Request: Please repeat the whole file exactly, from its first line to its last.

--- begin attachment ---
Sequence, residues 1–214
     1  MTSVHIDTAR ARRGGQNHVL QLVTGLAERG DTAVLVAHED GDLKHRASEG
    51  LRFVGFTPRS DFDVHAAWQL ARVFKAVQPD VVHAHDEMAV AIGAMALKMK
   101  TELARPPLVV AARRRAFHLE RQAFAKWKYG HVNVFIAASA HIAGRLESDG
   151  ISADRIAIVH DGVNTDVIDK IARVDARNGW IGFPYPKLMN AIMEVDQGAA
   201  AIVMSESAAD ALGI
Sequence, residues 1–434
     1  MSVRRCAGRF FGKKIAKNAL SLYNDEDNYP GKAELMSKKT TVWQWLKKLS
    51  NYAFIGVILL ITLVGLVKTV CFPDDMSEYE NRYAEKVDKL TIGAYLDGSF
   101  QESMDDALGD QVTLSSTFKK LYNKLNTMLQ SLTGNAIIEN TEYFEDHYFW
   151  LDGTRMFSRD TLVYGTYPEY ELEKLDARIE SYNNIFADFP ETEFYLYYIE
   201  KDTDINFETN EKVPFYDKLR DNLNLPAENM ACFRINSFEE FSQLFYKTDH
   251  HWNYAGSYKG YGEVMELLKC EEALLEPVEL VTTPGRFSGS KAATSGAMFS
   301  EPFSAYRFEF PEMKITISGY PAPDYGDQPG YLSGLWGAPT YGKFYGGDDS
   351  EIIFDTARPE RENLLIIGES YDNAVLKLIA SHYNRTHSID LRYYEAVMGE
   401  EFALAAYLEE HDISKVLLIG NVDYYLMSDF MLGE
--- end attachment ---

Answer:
Sequence, residues 1–214
     1  MTSVHIDTAR ARRGGQNHVL QLVTGLAERG DTAVLVAHED GDLKHRASEG
    51  LRFVGFTPRS DFDVHAAWQL ARVFKAVQPD VVHAHDEMAV AIGAMALKMK
   101  TELARPPLVV AARRRAFHLE RQAFAKWKYG HVNVFIAASA HIAGRLESDG
   151  ISADRIAIVH DGVNTDVIDK IARVDARNGW IGFPYPKLMN AIMEVDQGAA
   201  AIVMSESAAD ALGI
Sequence, residues 1–434
     1  MSVRRCAGRF FGKKIAKNAL SLYNDEDNYP GKAELMSKKT TVWQWLKKLS
    51  NYAFIGVILL ITLVGLVKTV CFPDDMSEYE NRYAEKVDKL TIGAYLDGSF
   101  QESMDDALGD QVTLSSTFKK LYNKLNTMLQ SLTGNAIIEN TEYFEDHYFW
   151  LDGTRMFSRD TLVYGTYPEY ELEKLDARIE SYNNIFADFP ETEFYLYYIE
   201  KDTDINFETN EKVPFYDKLR DNLNLPAENM ACFRINSFEE FSQLFYKTDH
   251  HWNYAGSYKG YGEVMELLKC EEALLEPVEL VTTPGRFSGS KAATSGAMFS
   301  EPFSAYRFEF PEMKITISGY PAPDYGDQPG YLSGLWGAPT YGKFYGGDDS
   351  EIIFDTARPE RENLLIIGES YDNAVLKLIA SHYNRTHSID LRYYEAVMGE
   401  EFALAAYLEE HDISKVLLIG NVDYYLMSDF MLGE